Monday, 12 September 2011

Harry Potter and the Methods of Rationality

Every generation needs The Ascent of Man, Cosmos or Wonders of the Universe. It needs a documentary series not about the facts of science per se, but about Science. You need a popular work that gets the culture of science across, explaining to people that science feels good and is exciting. In short you need a popular manifesto for a scientific philosophy of life. One such is provided by Harry Potter and the Methods of Rationality, a fanfiction written by Eliezer Yudkowsky. I want to explain why I've read this story from start to last update not less than 3 times and why it's had a huge impression on me.

For a start, a few point to stop you getting frustrated with it.

  • No, this isn't that kind of fanfiction. Nobody is fucking anyone improbable. Sorry girls, just not that kind of story. 
  • No, this isn't that kind of fanfiction. The author writes fluently in grammatically sound English sentences. The plots are complicated and clever.
  • If the Harry Potter novels by JKR are very precious to you dont read it. This is a loving fanfic, but sometimes the kind of love that looks at something silly the loved one is doing (like playing quidditch) and mocks it openly. 
  • This also isn't a re-telling of the cannon (ie original) story. The world that JKR created is a backdrop, but for the purpose of telling a new and interesting story the foreground has changed. Firstly the most obvious difference is Harry. Rather than being ... lets face it, a bit whiny, a bit thick, and very very Gryffindor, he's now very aspy, very smart, and very Slytherin.
Now that you've either written the whole thing off as horrid or not been set up to have you expectations shattered, why do I re-read this thing?
  • I really want to find the clues. This is not a children's story, the narrative is complicated and clever, if you're not paying attention it's all nonsense, if you are paying attention it's magical and if you're really really paying attention you can guess some of what's about to happen.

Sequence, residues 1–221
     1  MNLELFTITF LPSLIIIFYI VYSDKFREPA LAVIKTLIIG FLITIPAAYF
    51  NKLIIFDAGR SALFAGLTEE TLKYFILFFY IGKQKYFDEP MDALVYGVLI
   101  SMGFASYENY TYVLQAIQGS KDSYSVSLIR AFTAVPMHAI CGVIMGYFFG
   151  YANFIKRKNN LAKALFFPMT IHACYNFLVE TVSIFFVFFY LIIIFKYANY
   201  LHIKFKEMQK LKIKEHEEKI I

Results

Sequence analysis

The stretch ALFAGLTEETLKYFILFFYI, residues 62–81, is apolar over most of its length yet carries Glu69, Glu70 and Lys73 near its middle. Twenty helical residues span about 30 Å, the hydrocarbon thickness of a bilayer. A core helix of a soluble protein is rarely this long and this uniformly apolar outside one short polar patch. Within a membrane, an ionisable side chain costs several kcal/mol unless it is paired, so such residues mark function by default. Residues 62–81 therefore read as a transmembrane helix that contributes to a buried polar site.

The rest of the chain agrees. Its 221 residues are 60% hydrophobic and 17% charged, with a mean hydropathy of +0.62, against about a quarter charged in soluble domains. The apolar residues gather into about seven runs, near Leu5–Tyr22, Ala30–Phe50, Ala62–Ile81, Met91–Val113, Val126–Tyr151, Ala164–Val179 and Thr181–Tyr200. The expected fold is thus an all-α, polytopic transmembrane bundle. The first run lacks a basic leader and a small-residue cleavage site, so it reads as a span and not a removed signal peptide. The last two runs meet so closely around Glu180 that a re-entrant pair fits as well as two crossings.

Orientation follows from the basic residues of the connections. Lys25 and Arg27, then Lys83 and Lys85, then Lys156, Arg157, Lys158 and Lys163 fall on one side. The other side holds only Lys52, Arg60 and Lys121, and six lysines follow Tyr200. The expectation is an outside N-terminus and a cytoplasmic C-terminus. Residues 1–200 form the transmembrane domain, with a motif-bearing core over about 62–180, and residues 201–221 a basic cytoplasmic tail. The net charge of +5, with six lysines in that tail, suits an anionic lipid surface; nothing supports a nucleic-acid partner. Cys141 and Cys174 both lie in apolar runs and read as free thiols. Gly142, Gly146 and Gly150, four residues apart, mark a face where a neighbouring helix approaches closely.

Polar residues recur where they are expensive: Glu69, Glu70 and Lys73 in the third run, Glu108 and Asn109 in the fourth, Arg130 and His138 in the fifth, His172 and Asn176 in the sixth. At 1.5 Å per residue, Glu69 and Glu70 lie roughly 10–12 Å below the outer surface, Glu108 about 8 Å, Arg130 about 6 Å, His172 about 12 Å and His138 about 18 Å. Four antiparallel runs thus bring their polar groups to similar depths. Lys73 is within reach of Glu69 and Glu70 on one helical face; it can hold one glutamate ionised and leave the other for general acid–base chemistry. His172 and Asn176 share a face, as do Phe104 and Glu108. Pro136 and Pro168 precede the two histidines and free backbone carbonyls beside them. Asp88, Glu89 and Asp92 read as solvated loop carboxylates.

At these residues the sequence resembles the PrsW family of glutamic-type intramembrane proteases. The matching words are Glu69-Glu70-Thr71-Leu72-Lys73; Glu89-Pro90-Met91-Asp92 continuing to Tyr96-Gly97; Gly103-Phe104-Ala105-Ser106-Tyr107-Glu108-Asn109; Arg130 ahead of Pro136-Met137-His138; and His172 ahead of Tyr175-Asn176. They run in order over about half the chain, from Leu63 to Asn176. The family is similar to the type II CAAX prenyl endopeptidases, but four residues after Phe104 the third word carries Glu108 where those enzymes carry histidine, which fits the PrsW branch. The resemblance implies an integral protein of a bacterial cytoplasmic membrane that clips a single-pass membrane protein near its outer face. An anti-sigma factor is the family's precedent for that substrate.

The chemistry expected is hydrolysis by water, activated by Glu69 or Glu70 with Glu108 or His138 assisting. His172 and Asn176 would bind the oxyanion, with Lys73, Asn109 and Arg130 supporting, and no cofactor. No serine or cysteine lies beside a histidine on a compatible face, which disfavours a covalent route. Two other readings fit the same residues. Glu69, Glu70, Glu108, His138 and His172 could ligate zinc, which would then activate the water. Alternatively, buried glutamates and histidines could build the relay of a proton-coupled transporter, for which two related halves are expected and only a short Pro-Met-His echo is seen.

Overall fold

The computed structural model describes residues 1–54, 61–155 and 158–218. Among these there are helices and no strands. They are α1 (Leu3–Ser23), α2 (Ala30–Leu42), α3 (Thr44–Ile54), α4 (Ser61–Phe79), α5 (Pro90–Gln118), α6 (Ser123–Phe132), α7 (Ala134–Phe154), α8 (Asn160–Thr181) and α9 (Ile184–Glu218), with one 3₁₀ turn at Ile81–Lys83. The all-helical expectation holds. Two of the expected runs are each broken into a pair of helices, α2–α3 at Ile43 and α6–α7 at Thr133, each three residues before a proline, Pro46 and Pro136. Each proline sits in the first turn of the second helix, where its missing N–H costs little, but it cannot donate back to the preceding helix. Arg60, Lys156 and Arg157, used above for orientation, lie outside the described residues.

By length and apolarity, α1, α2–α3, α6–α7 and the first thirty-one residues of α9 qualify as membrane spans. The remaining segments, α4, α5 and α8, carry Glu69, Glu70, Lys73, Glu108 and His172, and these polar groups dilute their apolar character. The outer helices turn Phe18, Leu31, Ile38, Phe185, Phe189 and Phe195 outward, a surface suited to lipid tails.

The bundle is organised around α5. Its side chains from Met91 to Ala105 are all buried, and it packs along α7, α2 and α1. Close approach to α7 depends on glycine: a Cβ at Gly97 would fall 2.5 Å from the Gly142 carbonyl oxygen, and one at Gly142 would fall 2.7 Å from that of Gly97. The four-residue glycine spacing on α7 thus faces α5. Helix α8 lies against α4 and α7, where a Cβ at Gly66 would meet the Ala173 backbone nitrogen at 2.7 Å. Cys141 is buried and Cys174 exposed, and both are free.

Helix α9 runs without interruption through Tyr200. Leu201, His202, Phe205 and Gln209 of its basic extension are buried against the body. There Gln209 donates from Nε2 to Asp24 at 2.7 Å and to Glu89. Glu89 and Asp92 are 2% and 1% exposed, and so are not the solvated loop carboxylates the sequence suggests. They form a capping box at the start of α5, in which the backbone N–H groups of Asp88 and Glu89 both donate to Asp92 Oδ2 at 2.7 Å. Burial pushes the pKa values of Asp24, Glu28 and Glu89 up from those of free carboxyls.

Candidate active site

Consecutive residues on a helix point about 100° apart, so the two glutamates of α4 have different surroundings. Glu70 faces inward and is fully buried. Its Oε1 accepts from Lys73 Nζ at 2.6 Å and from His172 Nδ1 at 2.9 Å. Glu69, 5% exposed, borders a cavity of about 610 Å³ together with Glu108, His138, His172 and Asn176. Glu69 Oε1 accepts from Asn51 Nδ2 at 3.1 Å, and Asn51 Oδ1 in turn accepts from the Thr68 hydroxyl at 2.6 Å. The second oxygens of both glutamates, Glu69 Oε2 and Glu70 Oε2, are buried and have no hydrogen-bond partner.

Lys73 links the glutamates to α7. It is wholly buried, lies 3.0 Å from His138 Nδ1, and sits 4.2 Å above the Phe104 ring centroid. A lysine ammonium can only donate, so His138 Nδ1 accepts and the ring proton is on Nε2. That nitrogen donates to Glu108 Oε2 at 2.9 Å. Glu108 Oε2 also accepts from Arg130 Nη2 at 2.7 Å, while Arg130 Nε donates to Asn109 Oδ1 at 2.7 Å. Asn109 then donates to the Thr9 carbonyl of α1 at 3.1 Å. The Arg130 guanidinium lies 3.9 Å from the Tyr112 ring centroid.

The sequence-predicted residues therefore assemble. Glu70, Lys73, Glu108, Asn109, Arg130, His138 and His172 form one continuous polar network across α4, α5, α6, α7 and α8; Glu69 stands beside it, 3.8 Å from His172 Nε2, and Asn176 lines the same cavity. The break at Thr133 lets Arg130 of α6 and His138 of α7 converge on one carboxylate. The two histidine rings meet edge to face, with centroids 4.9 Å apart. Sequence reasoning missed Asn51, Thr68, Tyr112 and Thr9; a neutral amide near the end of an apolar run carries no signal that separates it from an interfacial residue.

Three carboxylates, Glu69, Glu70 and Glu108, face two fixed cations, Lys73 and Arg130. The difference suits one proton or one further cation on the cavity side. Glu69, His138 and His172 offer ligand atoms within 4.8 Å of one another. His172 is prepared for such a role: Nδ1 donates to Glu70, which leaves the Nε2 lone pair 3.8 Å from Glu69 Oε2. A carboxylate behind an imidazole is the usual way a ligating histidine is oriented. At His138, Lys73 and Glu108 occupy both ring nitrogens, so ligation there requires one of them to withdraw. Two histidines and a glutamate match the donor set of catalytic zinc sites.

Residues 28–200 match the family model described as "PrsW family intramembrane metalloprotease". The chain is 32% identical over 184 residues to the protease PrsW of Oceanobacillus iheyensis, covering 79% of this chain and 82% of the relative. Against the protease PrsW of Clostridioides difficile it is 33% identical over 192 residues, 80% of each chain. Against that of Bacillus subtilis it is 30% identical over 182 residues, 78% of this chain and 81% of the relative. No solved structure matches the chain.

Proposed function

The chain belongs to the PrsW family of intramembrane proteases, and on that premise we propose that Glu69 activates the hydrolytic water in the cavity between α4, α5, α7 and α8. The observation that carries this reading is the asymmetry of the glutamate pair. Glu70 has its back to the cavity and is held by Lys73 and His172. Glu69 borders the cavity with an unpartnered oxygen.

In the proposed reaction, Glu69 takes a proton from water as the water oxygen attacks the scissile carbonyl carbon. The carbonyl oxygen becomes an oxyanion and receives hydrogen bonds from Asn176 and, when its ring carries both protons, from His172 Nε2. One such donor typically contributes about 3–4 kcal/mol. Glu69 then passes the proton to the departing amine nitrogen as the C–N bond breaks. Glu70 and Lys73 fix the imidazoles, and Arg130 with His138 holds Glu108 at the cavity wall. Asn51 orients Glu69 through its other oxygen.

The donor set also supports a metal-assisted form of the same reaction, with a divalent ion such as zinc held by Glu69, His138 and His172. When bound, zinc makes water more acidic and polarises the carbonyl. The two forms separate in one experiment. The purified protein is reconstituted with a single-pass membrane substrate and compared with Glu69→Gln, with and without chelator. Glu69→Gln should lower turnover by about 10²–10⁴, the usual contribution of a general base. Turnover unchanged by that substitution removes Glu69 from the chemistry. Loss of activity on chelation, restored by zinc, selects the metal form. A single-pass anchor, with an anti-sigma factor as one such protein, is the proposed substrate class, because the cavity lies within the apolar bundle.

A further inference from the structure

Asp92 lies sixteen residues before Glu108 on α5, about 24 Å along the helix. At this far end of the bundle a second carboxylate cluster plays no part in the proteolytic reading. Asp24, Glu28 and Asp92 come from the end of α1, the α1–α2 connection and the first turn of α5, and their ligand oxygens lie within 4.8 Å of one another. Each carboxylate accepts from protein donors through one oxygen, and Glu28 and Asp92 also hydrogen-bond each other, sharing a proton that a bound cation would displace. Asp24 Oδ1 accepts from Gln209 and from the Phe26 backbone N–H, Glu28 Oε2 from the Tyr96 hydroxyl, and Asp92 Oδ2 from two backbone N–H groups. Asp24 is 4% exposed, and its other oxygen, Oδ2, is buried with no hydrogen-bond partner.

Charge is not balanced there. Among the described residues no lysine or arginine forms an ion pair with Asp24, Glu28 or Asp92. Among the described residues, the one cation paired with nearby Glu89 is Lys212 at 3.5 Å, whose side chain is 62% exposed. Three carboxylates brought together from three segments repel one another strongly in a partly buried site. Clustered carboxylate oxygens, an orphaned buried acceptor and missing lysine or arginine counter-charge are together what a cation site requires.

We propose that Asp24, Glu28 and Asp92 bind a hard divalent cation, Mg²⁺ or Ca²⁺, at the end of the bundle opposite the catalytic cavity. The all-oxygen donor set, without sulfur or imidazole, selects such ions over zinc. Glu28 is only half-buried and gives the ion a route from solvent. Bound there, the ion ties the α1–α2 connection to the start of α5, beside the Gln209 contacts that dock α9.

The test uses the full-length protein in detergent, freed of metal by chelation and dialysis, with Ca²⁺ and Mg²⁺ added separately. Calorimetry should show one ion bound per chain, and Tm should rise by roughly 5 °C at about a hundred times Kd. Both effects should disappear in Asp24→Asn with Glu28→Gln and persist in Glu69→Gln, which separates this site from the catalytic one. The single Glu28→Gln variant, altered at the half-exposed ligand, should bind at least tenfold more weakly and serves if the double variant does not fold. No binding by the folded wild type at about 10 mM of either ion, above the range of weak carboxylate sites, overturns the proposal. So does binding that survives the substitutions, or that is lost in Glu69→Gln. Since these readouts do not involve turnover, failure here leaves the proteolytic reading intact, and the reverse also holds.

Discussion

• I really enjoy reading it because it's so damned nerdy. There are more sci-fi and fantasy references in here than you can shake a stick at. If like me you've never played Dungeons and Dragons (I know, I was a deprived child) you dont feel you're missing out, but feels good to read a story that's so happy with its status as nerdy.
  • It's got a really powerfully expressed philosophy. I know a lot of people hate stories telling them how to think, but there are enough ambiguities and unreliable narrators here that the story isn't so much telling you what to think as it is just telling you *to* think.
  • The outlook for the future of this universe you get after reading this story is a lot better than the one I normally have.
So, what's the story? Aunt Petunia didn't marry Uncle Vernon, she married a biology professor, he raised Harry James Potter-Evans-Verres to be a child prodigy. Not an impossible Mary Sue, just a run of the mill child genius who has read and understood Feynman aged 11. He discovers magic exists and does what any sane person would do, gets very excited and studies it. He sets out to rationally understand magic and harness the combined power of science and magic to decrease worldsuck, conquer the galaxy in the name of science and utility, cancel the second law of thermodynamics and make everyone immortal. If it isn't obvious to you that that is what you would do if you discovered magic then I recommend this story to you, could be interesting to see if it changes your mind.

This is a story that treats a lot of terribly serious issues very lightly. It isn't afraid to openly laugh at things that are strange about the original story, nor to flat tell you that you are stupid. (At one point Harry and Quirril discuss a play in which X happens, Harry points out that no sane person could honestly believe anyone would be so stupid as to do X, Quirril says that nobody else in Britain would notice how stupid X is, and as X is a major plot point in multiple HP novels I tend to agree). 

All in all it's fun, it's not a teacher, you dont have to feel bad, it wont make you feel dumb, it wont set homework. It will hopefully make you think, which is what any good story will do. I cannot recommend it highly enough. And if you enjoyed it, welcome to the conspiracy.

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